Deanery Tower, Hadleigh

Has been described as a Possible Fortified Manor House

There are major building remains

NameDeanery Tower, Hadleigh
Alternative Names
Historic CountrySuffolk
Modern AuthoritySuffolk
1974 AuthoritySuffolk
Civil ParishHadleigh

Built 1495 by Archdeacon Pykeham a former rector. Very fine example of late C15 brickwork. It was originally the gatehouse to the Archdeacon's house (demolished early C19). It is of red brick with black diapering, 43 ft high, 31 ft wide, flanked at the 4 corners by panelled and embattled turrets. The turrets on the east side are hexagonal and rise from the ground level, the turrets on the west side spring from a little way below the corbel table. The carved and moulded brick chimneys in early C16 style were added in 1830. All the external brick panelling is decorated with trefoil- cusped heads. Over the entrance gateway are 2 storeys, the 1st with an oriel window on west side of 2 lights and surmounted by a brick cornice with trefoil-cusped work. The room has been used as a library and was panelled in 1730 by Dean Wilkins. There is a curious painting on plaster above the fireplace of the Church with the river and hills beyond, executed by a local artist Benjamin Coleman 1629. There are also 2 paintings said to be by Canaletto who was a guest of Dean Tanner between 1749 and 1751. A small vaulted oratory with secret chamber is in the south east turret. (Listed Building Report)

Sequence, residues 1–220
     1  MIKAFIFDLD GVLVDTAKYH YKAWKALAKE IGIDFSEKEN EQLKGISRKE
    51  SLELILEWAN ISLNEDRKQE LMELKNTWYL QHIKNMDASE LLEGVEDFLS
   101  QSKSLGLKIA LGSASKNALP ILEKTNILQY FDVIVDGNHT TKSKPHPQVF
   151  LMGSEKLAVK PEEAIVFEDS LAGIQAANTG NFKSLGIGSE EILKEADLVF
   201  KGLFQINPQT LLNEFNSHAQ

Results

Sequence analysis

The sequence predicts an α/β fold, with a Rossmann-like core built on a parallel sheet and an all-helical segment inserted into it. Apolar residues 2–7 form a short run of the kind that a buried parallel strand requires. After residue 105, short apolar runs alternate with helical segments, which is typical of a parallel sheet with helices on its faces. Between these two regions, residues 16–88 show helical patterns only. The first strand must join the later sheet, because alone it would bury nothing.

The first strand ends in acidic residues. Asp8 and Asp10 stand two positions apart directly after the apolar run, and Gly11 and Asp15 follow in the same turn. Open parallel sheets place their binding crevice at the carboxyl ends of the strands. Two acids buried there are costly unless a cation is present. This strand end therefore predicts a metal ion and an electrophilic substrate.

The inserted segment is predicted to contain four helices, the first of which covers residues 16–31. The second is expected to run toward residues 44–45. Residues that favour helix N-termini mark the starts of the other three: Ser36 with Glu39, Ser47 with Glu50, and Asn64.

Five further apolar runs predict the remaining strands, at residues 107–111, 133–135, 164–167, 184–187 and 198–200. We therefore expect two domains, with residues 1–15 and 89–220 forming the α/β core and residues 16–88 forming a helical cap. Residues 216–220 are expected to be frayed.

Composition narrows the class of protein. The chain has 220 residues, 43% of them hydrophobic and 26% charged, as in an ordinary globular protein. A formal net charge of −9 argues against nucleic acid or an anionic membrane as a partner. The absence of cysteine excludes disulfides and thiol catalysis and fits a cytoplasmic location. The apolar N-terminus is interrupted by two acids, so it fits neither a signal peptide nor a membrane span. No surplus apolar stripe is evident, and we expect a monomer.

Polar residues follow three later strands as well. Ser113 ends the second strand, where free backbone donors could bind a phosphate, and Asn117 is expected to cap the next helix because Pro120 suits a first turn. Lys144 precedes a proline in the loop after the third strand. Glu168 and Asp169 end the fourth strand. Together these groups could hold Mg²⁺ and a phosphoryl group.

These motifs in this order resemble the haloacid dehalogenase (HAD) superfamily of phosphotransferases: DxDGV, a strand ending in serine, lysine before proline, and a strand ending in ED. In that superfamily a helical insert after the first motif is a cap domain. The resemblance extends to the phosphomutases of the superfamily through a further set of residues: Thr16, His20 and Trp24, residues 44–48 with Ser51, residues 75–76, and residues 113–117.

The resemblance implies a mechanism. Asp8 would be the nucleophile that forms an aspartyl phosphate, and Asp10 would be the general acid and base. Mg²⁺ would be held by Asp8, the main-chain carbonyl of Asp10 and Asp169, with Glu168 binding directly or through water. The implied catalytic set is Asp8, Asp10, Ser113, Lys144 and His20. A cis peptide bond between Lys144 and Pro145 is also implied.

Gatehouse Comments

The fine brick gatehouse clearly has a relationship with Layer Marney.

- Philip Davis

Not scheduled

This is a Grade 1 listed building protected by law

Historic England Scheduled Monument Number
Historic England Listed Building number(s)
Images Of England
Historic England (PastScape) Defra or Monument number(s)
County Historic Environment Record
OS Map Grid ReferenceTM025424
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  • Goodall, John, 2011, The English Castle 1066-1650 (Yale University Press) p. 397, 399
  • Emery, Anthony, 2000, Greater Medieval Houses of England and Wales Vol. 2 East Anglia, Central England and Wales (Cambridge: Cambridge University Press) p. 111-13